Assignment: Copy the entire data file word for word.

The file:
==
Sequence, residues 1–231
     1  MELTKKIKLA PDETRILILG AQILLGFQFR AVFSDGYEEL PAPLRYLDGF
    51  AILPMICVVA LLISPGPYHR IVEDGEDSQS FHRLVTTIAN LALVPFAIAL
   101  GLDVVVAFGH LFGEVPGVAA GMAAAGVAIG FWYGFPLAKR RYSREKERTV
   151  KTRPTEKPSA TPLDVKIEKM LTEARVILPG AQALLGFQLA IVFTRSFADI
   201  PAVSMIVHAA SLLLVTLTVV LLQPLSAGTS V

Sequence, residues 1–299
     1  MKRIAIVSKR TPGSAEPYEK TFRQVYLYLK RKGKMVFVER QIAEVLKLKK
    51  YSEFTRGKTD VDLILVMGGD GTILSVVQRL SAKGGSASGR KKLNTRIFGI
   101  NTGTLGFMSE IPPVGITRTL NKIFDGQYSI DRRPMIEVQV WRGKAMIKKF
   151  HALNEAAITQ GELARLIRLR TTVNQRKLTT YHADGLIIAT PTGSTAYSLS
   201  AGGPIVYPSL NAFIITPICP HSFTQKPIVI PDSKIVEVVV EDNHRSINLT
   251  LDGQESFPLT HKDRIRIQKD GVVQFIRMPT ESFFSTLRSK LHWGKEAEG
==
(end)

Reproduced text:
Sequence, residues 1–231
     1  MELTKKIKLA PDETRILILG AQILLGFQFR AVFSDGYEEL PAPLRYLDGF
    51  AILPMICVVA LLISPGPYHR IVEDGEDSQS FHRLVTTIAN LALVPFAIAL
   101  GLDVVVAFGH LFGEVPGVAA GMAAAGVAIG FWYGFPLAKR RYSREKERTV
   151  KTRPTEKPSA TPLDVKIEKM LTEARVILPG AQALLGFQLA IVFTRSFADI
   201  PAVSMIVHAA SLLLVTLTVV LLQPLSAGTS V

Sequence, residues 1–299
     1  MKRIAIVSKR TPGSAEPYEK TFRQVYLYLK RKGKMVFVER QIAEVLKLKK
    51  YSEFTRGKTD VDLILVMGGD GTILSVVQRL SAKGGSASGR KKLNTRIFGI
   101  NTGTLGFMSE IPPVGITRTL NKIFDGQYSI DRRPMIEVQV WRGKAMIKKF
   151  HALNEAAITQ GELARLIRLR TTVNQRKLTT YHADGLIIAT PTGSTAYSLS
   201  AGGPIVYPSL NAFIITPICP HSFTQKPIVI PDSKIVEVVV EDNHRSINLT
   251  LDGQESFPLT HKDRIRIQKD GVVQFIRMPT ESFFSTLRSK LHWGKEAEG